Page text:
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Despite the personal impact and the difficulty hearing those views being aired, Mr Harvie said it was a sign things were “moving in the right direction” that society viewed opposition to LGBT rights as a “line that isn’t OK to cross”.

He said: “I’ve argued for years that LGBT equality should get to the same point as something like the unacceptability of racism or sectarianism or other forms of prejudice in our politics where we don’t think it is just an acceptable part of the political spectrum, special conscience issues.

"While that voice that said there’s a part of Scotland that’s not comfortable with LGBT people’s equality or in some cases even our existence was being heard, the reaction against it, not just within my party, not just within LGBT community organisations, not just publicly, but even within the SNP … the reaction against that prejudice that said you just can’t have someone in the highest office who isn’t willing to say I’d have voted for a marginalised minority’s human rights, that was new.”

Mr Harvie added: "You wouldn’t have had that reaction against those views back in the early days of devolution with section 28, you wouldn’t have had that even more recently with the equal marriage debates where outright opposition to my community’s human rights was just seen as a legitimate thing to express.

"The reaction against that was really interesting and I think maybe it indicates that things are continuing to move in the right direction of saying that prejudice and support for homophobic or transphobic laws is a line that isn’t OK to cross.”

The continuation of the coalition deal has also led to high profile backbench opponents to Humza Yousaf’s leadership criticise the Government of being beholden to the Greens, with the “Green tail is wagging the SNP dog” now a common refrain among opposition politicians.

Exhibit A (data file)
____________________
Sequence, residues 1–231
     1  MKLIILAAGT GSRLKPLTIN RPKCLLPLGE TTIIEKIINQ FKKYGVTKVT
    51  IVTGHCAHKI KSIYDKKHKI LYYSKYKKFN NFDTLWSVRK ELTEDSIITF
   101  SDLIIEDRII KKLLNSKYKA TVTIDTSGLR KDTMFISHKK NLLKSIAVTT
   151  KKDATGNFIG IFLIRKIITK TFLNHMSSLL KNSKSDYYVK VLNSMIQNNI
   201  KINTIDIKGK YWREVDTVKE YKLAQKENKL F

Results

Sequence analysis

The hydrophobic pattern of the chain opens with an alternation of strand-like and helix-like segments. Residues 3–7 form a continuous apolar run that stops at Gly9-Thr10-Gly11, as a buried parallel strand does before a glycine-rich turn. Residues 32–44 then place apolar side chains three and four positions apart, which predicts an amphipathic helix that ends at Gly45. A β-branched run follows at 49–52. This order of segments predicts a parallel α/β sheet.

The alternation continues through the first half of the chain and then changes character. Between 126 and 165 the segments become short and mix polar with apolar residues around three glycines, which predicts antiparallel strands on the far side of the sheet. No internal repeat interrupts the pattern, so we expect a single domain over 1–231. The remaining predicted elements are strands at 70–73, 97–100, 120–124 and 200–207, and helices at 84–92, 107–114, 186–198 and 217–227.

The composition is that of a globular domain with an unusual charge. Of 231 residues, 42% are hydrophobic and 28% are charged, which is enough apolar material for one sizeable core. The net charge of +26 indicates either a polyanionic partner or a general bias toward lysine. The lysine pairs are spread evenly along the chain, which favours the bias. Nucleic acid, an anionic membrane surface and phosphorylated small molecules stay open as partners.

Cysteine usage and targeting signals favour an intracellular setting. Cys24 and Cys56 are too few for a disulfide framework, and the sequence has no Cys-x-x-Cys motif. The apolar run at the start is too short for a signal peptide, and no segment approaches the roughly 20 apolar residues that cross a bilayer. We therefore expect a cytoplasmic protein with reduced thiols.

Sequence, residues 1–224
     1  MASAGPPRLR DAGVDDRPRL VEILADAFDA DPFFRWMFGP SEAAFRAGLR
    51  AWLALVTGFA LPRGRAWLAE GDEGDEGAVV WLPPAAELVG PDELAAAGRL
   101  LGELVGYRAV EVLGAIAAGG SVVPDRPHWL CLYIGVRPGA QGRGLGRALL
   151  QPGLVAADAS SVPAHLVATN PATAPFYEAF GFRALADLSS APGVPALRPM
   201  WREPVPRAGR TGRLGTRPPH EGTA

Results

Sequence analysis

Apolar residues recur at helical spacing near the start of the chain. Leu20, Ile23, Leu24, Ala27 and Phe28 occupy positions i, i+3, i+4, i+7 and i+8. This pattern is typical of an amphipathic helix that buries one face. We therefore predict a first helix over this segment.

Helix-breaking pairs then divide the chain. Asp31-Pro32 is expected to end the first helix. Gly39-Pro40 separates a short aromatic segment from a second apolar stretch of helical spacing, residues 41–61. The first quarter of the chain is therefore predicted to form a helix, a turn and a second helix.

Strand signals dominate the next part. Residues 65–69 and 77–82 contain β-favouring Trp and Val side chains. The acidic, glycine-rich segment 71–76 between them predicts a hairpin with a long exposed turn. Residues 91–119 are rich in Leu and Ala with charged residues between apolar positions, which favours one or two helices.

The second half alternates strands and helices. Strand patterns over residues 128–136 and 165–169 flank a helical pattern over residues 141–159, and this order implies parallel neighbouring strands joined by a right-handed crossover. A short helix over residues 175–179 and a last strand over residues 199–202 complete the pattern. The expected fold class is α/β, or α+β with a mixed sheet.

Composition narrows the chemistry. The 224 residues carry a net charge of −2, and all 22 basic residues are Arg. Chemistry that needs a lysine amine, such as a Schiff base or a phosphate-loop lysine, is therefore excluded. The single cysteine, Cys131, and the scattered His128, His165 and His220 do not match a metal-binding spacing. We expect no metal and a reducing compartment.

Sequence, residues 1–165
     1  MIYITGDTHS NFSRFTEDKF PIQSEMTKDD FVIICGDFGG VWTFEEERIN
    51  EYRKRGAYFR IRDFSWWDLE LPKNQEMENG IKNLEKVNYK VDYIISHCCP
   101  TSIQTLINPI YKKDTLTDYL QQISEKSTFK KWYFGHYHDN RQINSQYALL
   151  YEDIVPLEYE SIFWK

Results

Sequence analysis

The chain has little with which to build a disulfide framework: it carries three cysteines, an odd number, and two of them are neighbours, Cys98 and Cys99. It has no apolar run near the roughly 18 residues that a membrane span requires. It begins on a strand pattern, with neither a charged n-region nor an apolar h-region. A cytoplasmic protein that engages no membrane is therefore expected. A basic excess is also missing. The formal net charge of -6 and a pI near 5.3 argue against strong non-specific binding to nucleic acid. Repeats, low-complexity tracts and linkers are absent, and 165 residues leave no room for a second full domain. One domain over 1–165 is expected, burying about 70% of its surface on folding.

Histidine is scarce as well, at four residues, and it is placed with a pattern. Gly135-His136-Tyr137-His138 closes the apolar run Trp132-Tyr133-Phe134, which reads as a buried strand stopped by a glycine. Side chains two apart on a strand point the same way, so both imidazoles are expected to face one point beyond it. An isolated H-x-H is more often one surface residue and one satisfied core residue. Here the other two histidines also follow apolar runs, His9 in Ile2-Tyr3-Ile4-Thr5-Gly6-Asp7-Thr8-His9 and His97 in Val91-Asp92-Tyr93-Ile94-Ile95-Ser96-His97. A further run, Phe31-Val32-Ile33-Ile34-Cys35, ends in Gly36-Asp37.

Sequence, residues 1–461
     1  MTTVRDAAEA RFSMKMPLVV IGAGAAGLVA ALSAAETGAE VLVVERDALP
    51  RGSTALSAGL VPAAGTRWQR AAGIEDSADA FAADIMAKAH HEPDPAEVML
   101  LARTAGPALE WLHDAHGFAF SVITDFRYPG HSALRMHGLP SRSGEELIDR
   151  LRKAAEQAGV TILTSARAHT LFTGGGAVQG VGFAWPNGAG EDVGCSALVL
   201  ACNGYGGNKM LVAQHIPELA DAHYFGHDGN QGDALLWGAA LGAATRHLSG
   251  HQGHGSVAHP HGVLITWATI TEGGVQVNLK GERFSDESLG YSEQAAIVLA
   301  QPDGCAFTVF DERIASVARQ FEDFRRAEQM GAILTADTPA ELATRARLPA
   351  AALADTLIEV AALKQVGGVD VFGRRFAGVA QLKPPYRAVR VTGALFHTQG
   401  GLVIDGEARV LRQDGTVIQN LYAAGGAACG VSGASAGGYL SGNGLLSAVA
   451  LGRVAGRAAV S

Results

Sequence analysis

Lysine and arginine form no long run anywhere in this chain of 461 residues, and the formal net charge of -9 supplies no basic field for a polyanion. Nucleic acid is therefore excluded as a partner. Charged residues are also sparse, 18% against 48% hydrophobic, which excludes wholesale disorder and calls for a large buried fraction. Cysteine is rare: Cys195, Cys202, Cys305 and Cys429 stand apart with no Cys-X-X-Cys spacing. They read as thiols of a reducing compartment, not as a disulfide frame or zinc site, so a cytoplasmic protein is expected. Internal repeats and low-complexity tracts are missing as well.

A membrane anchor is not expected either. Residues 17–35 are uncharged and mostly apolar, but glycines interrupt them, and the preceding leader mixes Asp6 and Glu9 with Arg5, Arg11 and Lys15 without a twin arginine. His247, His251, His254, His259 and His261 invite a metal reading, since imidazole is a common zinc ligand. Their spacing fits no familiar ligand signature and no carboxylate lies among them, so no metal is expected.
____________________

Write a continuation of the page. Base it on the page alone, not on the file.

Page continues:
This includes the aforementioned gender reforms and HPMAs policies, and the ongoing chaos surrounding the planned deposit return scheme – all either red lines in the Bute House Agreement or policies led by Green ministers.

Laughing when asked whether this allegation was actually a positive for his party, Mr Harvie said it was “always good if people recognise we are making an impact and we are making a difference”.

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He said: “I think that what’s funny is that the same people who use phrases like ‘tail wagging the dog’ are also the people who say that we’re just in there to do as we’re told and don’t change anything.

“They really can’t have it both ways. Most political parties recognise the need for transformational change in the face of the challenges that we’re living through, whether that’s on climate and nature, whether it’s on social inequality. When they see it, they say ‘no, no, not like that, that’s not what we meant’.

"I think it is in some ways reassuring when the Greens get pushback for bringing forward the transformational policies that we believe are necessary because it means the people with the vested interest in the status quo don’t like it.

"If we were proposing tinkering around the edges then maybe some of those vested interests would be a little bit less vociferous in their objections, but it wouldn’t be worth very much and it’s not what I got involved in politics to do.”